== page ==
Jon Elster

In Marxist writings on education, bureaucracy and indeed on most topics there seems to be an implicit regulative idea that ‘Every institution or behavioural pattern in capitalist society serves the interests of capitalisms and is maintained because it serves those interests.’ Marxists seem to have lost their sense of the ironies of history, whereby societies can generate patterns that lead to their own destruction. In order to substantiate this naïve brand of functionalism Marxists have invented a special gimmick, which is to manipulate the time perspective. If, say, the actions of the State go counter to short-term capitalist interests, this has the function of safeguarding long-term capitalist interests; heads I win, tails you lose. […] Now this is not only an arbitrary procedure, because ‘any argument can be turned to any effect by juggling with the time scale’. It is also a theoretically inconsistent one, because functional analysis cannot invoke indirect strategies […]. To the extent that the state is maintained through the effects of its actions on the capitalist class, the negative short-term effects should make it disappear (or change) before the long-term positive effects come to be felt. Only intentional actors are capable of taking one step backwards in order to take two steps forwards later on, so that the short-term/long-term distinction logically leads to a conspiratorial interpretation of history, given the absence of empirical evidence for such intentions.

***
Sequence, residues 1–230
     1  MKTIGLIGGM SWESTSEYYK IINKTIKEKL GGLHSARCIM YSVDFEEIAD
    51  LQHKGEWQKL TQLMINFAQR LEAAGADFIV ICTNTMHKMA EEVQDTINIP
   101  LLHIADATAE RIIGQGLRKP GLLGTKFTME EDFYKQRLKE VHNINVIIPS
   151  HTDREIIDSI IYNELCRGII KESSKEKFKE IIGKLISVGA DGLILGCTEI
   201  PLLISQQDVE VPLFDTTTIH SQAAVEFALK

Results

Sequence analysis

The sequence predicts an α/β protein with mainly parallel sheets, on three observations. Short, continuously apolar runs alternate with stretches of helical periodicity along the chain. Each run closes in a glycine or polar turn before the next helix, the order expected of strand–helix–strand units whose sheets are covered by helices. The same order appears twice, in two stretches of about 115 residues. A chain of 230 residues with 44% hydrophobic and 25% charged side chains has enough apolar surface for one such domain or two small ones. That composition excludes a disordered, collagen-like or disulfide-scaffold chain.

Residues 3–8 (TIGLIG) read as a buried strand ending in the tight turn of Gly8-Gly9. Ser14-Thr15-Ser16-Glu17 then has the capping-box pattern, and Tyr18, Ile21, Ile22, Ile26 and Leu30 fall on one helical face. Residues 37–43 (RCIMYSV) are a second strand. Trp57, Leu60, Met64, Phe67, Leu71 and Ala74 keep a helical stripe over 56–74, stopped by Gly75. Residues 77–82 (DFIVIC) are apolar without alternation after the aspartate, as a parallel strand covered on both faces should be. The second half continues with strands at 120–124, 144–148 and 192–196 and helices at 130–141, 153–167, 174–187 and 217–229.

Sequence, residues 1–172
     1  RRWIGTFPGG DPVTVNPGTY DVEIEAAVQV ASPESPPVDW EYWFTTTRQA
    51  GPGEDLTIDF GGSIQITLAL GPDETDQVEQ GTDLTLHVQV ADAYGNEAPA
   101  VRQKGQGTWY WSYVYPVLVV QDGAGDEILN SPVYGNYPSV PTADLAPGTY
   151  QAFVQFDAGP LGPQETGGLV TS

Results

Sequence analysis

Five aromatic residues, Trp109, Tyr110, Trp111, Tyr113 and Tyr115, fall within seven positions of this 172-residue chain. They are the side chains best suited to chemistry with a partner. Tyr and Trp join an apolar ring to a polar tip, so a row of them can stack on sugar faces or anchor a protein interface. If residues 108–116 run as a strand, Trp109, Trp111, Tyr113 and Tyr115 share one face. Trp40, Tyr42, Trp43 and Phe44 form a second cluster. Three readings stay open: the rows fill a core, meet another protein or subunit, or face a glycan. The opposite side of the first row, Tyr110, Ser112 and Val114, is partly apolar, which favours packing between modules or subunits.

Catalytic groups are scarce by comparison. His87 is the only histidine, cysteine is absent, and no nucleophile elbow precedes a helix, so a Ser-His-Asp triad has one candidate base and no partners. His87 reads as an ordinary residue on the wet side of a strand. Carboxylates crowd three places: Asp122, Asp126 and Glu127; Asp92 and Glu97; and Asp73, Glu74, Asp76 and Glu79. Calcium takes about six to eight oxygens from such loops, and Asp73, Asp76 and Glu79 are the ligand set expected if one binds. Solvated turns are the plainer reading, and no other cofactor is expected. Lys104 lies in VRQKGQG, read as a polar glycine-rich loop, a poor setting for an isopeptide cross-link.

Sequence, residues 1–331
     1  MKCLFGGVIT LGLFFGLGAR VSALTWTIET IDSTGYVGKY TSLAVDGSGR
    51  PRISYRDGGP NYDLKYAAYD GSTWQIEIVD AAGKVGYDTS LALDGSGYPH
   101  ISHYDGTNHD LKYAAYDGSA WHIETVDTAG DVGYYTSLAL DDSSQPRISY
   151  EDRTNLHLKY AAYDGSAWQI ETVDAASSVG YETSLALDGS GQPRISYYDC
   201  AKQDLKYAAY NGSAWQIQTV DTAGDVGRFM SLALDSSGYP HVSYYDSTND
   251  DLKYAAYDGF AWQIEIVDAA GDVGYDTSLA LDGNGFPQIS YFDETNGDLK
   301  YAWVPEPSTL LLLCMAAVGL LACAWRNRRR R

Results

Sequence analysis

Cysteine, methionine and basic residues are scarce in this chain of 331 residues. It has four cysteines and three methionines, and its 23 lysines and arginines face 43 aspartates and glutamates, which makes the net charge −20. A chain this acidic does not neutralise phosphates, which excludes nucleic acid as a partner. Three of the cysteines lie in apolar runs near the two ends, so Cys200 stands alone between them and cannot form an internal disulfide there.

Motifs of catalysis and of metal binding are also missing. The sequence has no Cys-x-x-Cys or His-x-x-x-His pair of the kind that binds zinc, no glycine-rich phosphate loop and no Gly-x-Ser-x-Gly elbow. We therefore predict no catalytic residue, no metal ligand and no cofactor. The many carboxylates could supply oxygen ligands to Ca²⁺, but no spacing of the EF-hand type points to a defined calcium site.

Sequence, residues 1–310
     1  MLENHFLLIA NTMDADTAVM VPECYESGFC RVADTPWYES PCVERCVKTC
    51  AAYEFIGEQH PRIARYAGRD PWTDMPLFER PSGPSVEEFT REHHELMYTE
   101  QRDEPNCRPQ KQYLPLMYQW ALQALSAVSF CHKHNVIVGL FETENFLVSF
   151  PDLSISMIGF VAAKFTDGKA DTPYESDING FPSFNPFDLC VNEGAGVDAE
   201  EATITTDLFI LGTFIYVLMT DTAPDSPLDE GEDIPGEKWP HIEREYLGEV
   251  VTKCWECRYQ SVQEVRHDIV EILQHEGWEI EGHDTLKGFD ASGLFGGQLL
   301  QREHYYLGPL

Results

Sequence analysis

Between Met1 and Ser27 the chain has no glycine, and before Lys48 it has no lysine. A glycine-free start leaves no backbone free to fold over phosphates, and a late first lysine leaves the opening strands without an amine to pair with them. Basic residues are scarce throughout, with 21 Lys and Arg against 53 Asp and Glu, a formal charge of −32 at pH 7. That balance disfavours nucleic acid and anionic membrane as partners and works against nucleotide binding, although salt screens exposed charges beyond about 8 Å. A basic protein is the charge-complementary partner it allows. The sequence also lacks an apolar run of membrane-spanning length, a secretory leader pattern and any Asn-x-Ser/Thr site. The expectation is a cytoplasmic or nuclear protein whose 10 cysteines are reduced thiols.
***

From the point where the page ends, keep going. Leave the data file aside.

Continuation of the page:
Jon Elster, Ulysses and the Sirens: Studies in Rationality and Irrationality, rev. ed., Cambridge, 1984, pp. 34-35.